If you sat next to someone on your way to work this morning who was sneezing uncomfortably close to you, coughing unnecessarily in your direction, or putting their snotty hands all over the hand rails that you have no choice but to share with them, you have every right to be worried about catching their nasty cold germs.
But rather than being resigned to the fact that you will imminently develop a cold, transforming from the sneezee to the sneezer, there are some tips you can try to stave off the snot and fight the flu.
Wash your hands regularly
According to Dr Andrew Pekosz, a microbiologist at Johns Hopkins University, the best thing you can do to protect yourself from getting a cold or the flu is to simply wash your hands “thoroughly and frequently.”
Use antibacterial soap and scrub all areas of your hands, including your palms (for when you’ve gripped dirty handles or doors that the snot gremlins have touched), the backs of your hands (especially important if you’ve been the victim of crammed tube passengers, who have nowhere else to aim their coughing and spluttering except in the direction of your nice clean arm that’s holding on to the rail for dear life), and in between your fingers and thumbs (for when you’ve held hands with your poorly partner or shaken hands with a serial sneezer).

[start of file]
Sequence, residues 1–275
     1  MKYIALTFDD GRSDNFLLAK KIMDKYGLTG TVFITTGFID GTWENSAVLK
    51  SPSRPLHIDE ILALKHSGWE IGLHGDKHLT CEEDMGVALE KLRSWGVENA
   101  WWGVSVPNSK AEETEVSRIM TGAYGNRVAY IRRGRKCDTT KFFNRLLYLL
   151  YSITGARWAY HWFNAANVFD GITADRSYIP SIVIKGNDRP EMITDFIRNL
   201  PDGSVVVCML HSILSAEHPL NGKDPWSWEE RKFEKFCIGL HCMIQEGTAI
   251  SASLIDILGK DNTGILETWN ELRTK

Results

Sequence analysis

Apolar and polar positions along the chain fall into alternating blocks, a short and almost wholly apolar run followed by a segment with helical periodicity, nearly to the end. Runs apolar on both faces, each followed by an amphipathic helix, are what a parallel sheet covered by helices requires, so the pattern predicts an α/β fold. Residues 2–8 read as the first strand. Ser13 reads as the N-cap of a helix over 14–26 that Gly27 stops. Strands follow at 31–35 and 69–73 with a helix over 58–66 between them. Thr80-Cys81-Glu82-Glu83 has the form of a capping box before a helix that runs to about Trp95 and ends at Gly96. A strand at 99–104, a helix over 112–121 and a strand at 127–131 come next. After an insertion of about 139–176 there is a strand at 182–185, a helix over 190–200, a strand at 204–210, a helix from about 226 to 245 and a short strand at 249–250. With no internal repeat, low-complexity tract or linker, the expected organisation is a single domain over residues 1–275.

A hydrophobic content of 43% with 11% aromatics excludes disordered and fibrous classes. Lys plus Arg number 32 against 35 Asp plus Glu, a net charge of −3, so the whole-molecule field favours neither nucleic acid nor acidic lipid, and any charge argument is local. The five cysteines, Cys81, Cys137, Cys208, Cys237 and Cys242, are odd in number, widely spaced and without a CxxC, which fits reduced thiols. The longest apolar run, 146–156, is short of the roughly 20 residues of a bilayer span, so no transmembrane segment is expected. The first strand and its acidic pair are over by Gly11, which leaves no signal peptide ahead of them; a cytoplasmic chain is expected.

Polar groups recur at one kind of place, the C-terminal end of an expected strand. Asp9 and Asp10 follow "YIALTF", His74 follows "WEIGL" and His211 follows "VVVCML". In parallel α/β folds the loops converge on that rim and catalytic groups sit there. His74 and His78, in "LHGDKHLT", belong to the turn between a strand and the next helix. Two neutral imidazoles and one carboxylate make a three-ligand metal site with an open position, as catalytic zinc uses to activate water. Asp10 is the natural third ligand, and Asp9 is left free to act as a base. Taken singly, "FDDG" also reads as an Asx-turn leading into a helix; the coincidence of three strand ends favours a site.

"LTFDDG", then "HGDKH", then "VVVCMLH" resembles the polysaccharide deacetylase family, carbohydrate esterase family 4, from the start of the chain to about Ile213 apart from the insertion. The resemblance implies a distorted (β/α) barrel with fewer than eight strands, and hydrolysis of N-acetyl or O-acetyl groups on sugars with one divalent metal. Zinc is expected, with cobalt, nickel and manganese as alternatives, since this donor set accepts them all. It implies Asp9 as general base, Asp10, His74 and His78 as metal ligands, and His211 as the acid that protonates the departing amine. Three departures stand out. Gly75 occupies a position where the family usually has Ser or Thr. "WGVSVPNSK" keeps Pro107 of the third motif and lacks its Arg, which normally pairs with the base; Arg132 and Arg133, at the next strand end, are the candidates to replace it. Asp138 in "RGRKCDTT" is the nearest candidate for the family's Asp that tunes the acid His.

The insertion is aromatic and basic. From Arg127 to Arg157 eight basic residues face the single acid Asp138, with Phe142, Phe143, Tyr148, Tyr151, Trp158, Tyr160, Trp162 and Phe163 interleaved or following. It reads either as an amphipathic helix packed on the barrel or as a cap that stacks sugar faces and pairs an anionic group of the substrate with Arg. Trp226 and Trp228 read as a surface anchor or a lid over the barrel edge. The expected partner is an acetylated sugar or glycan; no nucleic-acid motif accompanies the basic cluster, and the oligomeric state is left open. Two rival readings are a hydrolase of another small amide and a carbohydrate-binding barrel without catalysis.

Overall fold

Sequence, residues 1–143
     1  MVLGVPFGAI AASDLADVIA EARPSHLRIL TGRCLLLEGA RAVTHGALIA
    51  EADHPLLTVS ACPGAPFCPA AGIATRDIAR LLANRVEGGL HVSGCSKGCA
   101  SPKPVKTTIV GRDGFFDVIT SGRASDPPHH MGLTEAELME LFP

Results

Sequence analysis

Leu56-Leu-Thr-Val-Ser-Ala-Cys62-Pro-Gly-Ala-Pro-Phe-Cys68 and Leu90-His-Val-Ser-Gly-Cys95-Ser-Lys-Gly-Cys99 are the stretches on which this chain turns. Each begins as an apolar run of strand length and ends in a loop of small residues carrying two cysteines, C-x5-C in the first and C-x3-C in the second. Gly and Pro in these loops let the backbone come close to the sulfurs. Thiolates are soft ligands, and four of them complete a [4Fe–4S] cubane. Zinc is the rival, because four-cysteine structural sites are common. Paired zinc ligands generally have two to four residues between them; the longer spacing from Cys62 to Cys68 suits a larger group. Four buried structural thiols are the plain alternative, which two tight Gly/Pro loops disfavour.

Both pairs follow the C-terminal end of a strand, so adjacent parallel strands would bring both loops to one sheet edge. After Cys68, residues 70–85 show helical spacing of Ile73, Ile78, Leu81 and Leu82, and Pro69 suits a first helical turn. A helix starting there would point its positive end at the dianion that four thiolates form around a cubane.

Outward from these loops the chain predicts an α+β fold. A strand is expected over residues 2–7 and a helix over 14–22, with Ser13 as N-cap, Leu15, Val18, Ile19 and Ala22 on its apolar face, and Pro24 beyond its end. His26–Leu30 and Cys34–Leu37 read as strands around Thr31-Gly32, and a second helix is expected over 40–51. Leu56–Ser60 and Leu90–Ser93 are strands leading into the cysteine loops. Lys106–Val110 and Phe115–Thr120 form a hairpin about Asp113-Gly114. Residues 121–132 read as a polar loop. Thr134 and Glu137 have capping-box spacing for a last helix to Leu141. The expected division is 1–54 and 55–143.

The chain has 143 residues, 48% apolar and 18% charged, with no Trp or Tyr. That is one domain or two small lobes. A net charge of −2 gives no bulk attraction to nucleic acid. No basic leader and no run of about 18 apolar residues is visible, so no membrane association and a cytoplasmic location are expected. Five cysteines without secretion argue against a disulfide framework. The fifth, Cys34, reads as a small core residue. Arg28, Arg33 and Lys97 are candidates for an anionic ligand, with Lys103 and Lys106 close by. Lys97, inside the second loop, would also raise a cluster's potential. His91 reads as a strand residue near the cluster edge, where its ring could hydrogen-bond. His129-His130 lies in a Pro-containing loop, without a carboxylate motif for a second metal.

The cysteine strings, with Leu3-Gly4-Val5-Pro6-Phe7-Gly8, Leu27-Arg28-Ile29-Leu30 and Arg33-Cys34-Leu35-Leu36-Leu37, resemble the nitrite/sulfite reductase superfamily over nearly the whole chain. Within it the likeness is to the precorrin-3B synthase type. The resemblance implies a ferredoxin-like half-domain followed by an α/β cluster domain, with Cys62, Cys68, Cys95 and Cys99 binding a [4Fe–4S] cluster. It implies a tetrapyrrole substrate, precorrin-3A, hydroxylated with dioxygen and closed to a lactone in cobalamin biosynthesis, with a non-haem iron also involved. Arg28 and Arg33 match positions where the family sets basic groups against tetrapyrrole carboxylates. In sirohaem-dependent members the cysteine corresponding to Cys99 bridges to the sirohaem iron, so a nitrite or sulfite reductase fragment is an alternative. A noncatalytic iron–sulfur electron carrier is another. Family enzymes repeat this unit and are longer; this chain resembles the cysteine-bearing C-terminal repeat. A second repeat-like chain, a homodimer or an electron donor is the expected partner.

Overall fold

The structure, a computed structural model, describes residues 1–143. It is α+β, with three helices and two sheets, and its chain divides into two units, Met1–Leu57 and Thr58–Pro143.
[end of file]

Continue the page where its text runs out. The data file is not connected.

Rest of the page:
Say no to another drink
A study conducted by BMC Immunology has found that alcohol impairs the ability of our white blood cells for up to a whole day after we’ve enjoyed ourselves with a few beverages on a night out with friends. Aiming to reduce your alcohol intake, especially during the cold and flu season, will greatly enhance your chances of fighting off these illnesses.
Don’t believe what you C
Many people think that Vitamin C helps to fend off colds and the flu, but no significant research exists to back this wild rumour. Not only will Vitamin C let you down when you place desperate hopes on it to prevent you becoming ill, a variety of studies also found that Vitamin C will not speed up your recovery if you’re already feeling rough.
Stay in bed longer
This one sounds nice, doesn’t it? According to the Archives of Internal Medicine, when your body is deprived of decent sleep it produces too many proteins (that go by the evil name of ‘cytokines’) that kick you while you’re down and trigger cold symptoms when you’re sick.
Eat your colours
Brightly coloured fruit and vegetables contain antioxidants that boost your immune system by going into battle with the free radicals that weaken your body’s natural defences. If you like healthy food, great, if you don’t, try to work out which you hate more, green food or the similarly coloured substances that you generate when you have a cold.
By Glen Walter – Follow me on Twitter: @GlenWalter27